New Strategy Comes After Years of Declining Membership and Bad Publicity
The Boy Scouts of America’s first new marketing campaign in five years is targeting millennial parents with a message of fun and adventure this back-to-school season. The push encourages parents, who are balancing family and work, to help kids enjoy being kids.
“Our program makes the most of the limited time that parents have,” said Stephen Medlicott, national marketing group director at the Boy Scouts of America. “We offer them so many opportunities for their sons to learn new skills, and for their sons to learn leadership.”
The new strategy comes after years of declining membership and bad publicity over the organization’s ban on openly gay adult leaders. The organizaton’s youth membership dropped 5.85% to 2,612,955 last year, from 2,658,794 in 2012, according to annual reports.
With a new campaign and president — U.S. Secretary of Defense, Robert Gates, took the helm in May – the Boy Scouts of America hopes to steer public discussion back to the benefits it offers youths. Mr. Medlicott, said the focus is on “elevating all the positive things that are happening through scouting.”
To get parents and children excited about scouting, the campaign called “Build an Adventure,” centers on fun and adventure and stresses the value of making every moment count. “Character and values are still very important, but [millennial parents] are also honed in on the fun and adventurous side of scouting,” said Mr. Medlicott.
“Build an Adventure,” includes three public service announcements that promote scouting. Two of the spots play on the idea of being a builder by comparing programs to a construction zone where children can play and explore. The third video, “Rocketman,” emphasizes building the foundation for a child’s future. The push also includes print ads and social media support. Boy Scouts of America’s agency of record, FleishmanHillard, produced the PSAs.
Unlike the Boys Scouts of America’s last campaign, “Badge of Honor,” which focused on the child, this new push relates to parents who have other demands to manage. It’s primarily aimed at the parents of Cub Scout-aged boys, who are 7 to 10 years old, with the idea that children who scout earlier in life will stick with it and feed into the Boy Scouts program for 11 to 17-year-olds. Cub Scouts comprise about 60% of all members in the organization, said Mr. Medlicott.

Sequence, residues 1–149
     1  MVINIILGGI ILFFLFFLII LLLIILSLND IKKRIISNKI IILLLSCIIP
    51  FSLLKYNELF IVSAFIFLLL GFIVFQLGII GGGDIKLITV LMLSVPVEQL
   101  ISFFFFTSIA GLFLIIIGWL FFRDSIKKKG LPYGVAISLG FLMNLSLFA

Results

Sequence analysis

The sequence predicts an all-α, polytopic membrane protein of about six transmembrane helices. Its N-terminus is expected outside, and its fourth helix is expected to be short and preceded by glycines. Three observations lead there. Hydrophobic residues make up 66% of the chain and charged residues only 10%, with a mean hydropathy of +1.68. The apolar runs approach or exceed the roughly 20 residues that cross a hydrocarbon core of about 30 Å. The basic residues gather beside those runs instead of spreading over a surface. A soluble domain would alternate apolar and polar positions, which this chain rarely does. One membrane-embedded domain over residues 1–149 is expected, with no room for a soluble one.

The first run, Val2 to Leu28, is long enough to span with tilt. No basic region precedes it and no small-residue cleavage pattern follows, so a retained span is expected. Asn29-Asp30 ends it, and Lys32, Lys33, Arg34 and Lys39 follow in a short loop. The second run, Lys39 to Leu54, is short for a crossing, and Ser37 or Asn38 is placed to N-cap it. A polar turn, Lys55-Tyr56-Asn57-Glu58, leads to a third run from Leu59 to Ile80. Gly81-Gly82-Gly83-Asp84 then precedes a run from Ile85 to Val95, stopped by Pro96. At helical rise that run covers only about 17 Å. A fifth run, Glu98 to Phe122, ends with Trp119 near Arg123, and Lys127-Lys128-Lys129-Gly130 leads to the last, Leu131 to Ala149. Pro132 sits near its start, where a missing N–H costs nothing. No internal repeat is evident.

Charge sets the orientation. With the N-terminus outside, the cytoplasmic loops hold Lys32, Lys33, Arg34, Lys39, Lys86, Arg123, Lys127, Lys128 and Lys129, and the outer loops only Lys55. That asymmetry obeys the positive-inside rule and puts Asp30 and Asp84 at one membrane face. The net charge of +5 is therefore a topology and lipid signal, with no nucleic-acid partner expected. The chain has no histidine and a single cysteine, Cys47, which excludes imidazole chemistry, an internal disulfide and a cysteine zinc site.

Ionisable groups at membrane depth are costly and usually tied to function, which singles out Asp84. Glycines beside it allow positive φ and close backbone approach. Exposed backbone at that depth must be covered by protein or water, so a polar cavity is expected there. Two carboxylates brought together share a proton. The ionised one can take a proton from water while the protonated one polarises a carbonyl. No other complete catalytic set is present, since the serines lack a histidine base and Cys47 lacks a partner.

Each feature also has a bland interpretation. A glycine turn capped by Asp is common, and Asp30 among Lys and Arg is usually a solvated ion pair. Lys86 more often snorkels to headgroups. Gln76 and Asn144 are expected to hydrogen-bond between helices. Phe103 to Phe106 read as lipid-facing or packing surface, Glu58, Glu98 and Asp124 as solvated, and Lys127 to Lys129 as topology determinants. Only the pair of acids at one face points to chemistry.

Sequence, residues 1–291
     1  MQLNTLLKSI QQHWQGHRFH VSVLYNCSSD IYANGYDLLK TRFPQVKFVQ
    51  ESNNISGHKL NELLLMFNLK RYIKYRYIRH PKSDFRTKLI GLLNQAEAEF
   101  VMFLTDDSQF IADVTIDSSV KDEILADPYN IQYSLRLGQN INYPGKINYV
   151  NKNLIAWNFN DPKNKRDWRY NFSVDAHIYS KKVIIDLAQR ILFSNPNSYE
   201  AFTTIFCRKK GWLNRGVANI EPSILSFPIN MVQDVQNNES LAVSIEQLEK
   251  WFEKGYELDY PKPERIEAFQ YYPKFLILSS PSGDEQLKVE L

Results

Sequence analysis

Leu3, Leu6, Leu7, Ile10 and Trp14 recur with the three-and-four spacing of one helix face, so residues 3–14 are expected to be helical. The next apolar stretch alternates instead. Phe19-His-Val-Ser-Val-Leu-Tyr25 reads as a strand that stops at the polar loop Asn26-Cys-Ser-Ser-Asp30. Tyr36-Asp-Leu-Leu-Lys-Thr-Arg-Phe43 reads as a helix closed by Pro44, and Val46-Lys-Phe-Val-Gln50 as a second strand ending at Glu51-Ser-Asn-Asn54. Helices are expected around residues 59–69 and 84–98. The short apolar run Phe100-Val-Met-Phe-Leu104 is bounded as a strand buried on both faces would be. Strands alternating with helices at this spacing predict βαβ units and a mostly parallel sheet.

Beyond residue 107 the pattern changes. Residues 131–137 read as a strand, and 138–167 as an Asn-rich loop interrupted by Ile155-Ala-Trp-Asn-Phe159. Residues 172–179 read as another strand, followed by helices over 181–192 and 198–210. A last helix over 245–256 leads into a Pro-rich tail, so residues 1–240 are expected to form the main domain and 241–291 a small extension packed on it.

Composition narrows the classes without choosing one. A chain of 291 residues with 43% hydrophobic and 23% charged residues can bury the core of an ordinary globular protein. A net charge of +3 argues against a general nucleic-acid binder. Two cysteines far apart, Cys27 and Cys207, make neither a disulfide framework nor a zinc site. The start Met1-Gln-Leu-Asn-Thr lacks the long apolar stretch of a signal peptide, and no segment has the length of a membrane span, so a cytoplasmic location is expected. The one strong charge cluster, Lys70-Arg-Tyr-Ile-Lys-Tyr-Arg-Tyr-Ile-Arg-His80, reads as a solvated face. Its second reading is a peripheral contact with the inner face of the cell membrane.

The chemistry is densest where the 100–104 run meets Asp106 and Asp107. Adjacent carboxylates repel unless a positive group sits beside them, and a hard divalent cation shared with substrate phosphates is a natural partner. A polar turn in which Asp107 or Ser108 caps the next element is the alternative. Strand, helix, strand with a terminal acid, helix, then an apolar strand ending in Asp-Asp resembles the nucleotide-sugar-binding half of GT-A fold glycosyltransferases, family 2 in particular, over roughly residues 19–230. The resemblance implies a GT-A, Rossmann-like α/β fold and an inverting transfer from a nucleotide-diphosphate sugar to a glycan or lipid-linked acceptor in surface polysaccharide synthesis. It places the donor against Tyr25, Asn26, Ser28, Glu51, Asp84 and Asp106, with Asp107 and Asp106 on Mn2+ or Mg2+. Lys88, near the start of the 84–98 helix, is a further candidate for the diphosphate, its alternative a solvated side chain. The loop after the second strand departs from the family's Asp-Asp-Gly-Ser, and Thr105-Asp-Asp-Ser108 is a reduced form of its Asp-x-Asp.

The Boy Scouts of America is also trying to make it easier for youths and families to join its programs by spreading the word through volunteers and parents of members. Mr. Medlicott hopes that the campaign’s digital and social elements will “energize” volunteers and parents to share their experiences in scouting. He says parents are more likely to get involved when they hear about the program from other parents who are in it.
The campaign’s August launch was tied to the back-to-school season, which is the largest recruitment period for scouting across the country, according to Mr. Medlicott. It was initially planned for 2015, but Mr. Medlicott said the reaction from local councils, which learned about it in May, was “so positive and strong” that the campaign was moved up. He expects it to take a full year before it’s adopted throughout the Boy Scouts of America system – which includes about 300 local councils.
At the national level, the Boy Scouts of America spent about $400,000 to develop the content, assets and resources for the campaign, which will receive national social media support. The organization doesn’t typically purchase media at the national level, and instead relies on local councils across the country to conduct their own media buys with funds they receive from local partnerships.